Devices for holding silk when wound were more popular in the past, when silk was dear and mercerised cottons were unknown. My work-box contains both wooden and mother-of-pearl silk winders, and a little carved silk holder, with a top that unscrews and a small hole at the side for the silk strand to come through.
Gentlewomen of the bye-gone age evidently indulged in note books as pretty as any to be found to-day. I have an ancient note-book containing paper and an ivory tablet. The binding outside is dark leather stamped very ornately with gold. In the centre, both back and front, is let in a medallion of the very finest Berlin wool work I have ever seen. Each medallion shows a group of roses and foliage perfectly executed. Yet is not more than an inch and a half across. The book inside is gorgeous with rose-silk pockets. In a flowing Italian hand, that so well matches the period of the book, someone has written down notes of a sermon preached at Cheltenham, but no date appears (a truly feminine omission !) It is possible that the same lady owned the flat silver vinaigrette, opening like a snuff box, that I keep in one compartment, with similar relics. It seems to suggest a hot day in church.
But the work-box is practical as well as ornamental. It is a matter of puffed up pride with me that I can invariably supply everybody's needs in the way of haberdashery.
There are linen buttons of all the orthodox sizes; glove and shoe buttons galore; hooks and eyes, white and black, of all gardes; cottons and silks for mending every imaginable shade of gloves, with lots of dress colours thrown in; white embroidery threads and cotton lie in orderly skeins, from size 1 onwards.
Friends try to catch me napping, and come to ask me for things they think I shan't have in stock, but I can usually supply them. White elastic I was asked for recently, also narrow linen tape, and black velvet binding for a skirt-bottom, I produced them all, trying to look modest, though I knew the inquirer didn't really need them. I told her I could also supply frilled elastic for suspenders if she required any, and small brass or ivory rings for sewing on fancy bags, and pins with any colour heads she liked to name. She retired, duly discomfited I trust.
Now my reason for telling about my work-box is to suggest to any readers who have only regarded a work-box as an uninteresting necessity that they might do worse than develop a "work-box hobby." I really do not know of many things that are more fascinating in a feminine way.
There is something very pretty about a well-ordered work-box, to start with, and that in itself is a great advantage. I like to look at the rainbow-coloured silks and cottons, at the lengths of pretty narrow ribbon, for lingerie, at the gay little pincushions, and the tiny bags made from odd bits of flowery silk, that I use for special buttons.
And then the utility of it gives an added charm. There is the same sort of pleasure in keeping it properly stocked as there is in looking after the store-cup board.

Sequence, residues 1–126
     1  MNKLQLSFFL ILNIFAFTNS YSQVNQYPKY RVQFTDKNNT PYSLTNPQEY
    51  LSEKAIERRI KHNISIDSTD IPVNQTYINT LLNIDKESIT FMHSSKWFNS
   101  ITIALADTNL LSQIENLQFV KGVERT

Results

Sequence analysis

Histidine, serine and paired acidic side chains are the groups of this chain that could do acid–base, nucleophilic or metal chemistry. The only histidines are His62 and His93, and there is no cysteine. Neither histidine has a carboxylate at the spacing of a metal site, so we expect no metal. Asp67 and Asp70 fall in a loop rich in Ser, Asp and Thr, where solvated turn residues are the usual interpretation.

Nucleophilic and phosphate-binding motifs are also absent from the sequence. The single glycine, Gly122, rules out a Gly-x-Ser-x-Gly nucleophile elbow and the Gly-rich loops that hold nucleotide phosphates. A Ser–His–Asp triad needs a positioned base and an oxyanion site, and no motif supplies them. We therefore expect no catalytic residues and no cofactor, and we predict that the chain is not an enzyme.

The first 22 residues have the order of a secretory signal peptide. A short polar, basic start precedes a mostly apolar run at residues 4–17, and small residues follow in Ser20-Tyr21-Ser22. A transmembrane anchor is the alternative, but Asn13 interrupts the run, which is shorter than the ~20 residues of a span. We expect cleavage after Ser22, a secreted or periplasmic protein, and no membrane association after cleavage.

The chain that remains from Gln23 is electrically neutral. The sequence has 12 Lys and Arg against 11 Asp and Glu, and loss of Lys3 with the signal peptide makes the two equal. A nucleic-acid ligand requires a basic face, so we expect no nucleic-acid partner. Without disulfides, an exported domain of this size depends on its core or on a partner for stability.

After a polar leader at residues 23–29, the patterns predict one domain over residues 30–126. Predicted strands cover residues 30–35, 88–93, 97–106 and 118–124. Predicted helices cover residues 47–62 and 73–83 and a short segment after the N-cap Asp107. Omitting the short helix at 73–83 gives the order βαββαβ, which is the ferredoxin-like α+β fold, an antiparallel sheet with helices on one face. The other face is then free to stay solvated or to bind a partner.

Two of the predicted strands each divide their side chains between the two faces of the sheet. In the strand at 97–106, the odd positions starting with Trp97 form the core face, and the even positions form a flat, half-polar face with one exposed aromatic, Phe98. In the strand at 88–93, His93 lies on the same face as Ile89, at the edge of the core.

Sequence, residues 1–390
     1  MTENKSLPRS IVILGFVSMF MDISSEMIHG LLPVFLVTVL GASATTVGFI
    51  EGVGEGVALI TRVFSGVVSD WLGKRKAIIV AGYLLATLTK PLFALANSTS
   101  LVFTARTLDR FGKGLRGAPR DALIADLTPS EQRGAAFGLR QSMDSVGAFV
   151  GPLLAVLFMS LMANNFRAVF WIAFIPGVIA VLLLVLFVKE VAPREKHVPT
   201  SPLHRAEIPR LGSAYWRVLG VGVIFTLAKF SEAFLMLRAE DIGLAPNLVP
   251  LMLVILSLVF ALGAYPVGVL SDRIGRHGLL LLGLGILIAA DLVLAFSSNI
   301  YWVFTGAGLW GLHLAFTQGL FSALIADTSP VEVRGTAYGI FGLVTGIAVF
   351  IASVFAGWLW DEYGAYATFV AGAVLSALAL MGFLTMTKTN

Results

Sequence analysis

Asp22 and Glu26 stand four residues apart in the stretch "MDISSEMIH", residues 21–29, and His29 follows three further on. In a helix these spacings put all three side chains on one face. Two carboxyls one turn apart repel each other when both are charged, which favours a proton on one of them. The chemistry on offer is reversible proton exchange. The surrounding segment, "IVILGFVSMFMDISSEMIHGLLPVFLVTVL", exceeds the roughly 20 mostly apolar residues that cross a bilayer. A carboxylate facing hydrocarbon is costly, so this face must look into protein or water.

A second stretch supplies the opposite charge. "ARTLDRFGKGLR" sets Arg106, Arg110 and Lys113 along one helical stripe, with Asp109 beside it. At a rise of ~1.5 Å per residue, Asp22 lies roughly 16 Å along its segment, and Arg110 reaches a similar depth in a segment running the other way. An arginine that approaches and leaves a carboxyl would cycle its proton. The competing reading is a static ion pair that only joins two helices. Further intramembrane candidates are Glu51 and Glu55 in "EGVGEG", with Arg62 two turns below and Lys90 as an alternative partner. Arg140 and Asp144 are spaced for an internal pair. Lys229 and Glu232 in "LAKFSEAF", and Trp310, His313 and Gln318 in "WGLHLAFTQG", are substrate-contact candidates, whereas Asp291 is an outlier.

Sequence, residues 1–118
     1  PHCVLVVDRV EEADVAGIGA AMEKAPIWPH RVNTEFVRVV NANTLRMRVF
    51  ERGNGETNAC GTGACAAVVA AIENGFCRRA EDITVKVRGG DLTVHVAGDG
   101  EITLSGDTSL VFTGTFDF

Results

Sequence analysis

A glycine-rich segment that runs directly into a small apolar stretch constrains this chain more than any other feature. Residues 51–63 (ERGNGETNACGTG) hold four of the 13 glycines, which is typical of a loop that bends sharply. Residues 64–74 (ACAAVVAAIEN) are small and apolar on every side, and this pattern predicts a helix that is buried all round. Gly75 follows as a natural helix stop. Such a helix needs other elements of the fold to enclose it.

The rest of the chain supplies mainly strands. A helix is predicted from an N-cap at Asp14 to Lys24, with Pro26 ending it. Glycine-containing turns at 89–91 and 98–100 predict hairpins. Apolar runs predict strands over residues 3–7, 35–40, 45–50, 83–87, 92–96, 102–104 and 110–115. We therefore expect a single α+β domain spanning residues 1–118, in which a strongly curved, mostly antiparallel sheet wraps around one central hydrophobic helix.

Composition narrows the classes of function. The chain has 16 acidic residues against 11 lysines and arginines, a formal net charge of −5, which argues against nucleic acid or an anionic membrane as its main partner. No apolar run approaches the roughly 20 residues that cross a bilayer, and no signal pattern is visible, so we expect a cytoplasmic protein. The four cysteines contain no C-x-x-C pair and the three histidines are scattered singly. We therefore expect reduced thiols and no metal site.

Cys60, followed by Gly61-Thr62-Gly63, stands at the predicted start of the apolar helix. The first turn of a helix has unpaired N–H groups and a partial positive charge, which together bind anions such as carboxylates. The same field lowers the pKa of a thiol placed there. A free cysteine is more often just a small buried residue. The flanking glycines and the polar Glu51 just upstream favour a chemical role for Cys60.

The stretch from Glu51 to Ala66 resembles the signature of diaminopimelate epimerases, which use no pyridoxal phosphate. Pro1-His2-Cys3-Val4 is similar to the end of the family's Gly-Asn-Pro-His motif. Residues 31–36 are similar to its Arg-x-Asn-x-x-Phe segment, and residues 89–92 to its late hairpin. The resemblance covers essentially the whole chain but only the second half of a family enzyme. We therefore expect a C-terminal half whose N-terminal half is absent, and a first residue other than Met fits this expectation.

Moreover, this is not an expensive hobby
One can add a few reels of cotton at a time, and it does not amount to so very much.
A Box of Ribbon and Perforated Cardboard, ornamented with a wreath of forget-me-nots and roses.
The fittings, again, seem to collect themselves. Once you start, you wi11 be surprised to find how many trifles turn up that you pounce upon at once, exclaiming, "Thatwill just do for my work-box!" Whether the things are mordern or antique matters little, so longas they are pretty in themselves and can be turned to some practical purpose.
HEXAGONS AND SQUARES IN DARNED NET.
For directions see page 23.
A BBOAD EDGING.
The novelty of this lace lies in its simplicity of design and execution.
The design must form a series of curves, in fact, any simple braiding pattern can be followed for this make of lace, so long as sharp corners are avoided as much as possible.
Materials required: A very narrow lace braid, or even tape of the narrowest make will answer the purpose, though the lace braid is finer. - Tack the braid carefully over your pattern. Fill in the spaces by taking a thread from one side of the braid to the other as for herring-boning, but fastening the thread each time with a sort of knot formed thus: Hold down the 2 strands of thread with the thumb, make a button-hole stitch over these 2 strands. Draw up tightly, thus forming a kind of knot. Continue on opposite side the same.
To form a variety, the stitches are made more closely together in the narrow spaces, and the very wide spaces are filled in in the same manner, with a simple lace or buttonhole stitch.
In the more elaborate designs, button-holed bars fill in the very wide spaces.
This make of lace is most effective for infants' garments, lingerie frocks, jabots, and collars.
It also has a handsome effect when let into table linen of a fine quality.
This could be inserted in the end of a Sideboard Cloth, or in a linen Tea Cosy Cover, as illustrated on page 47.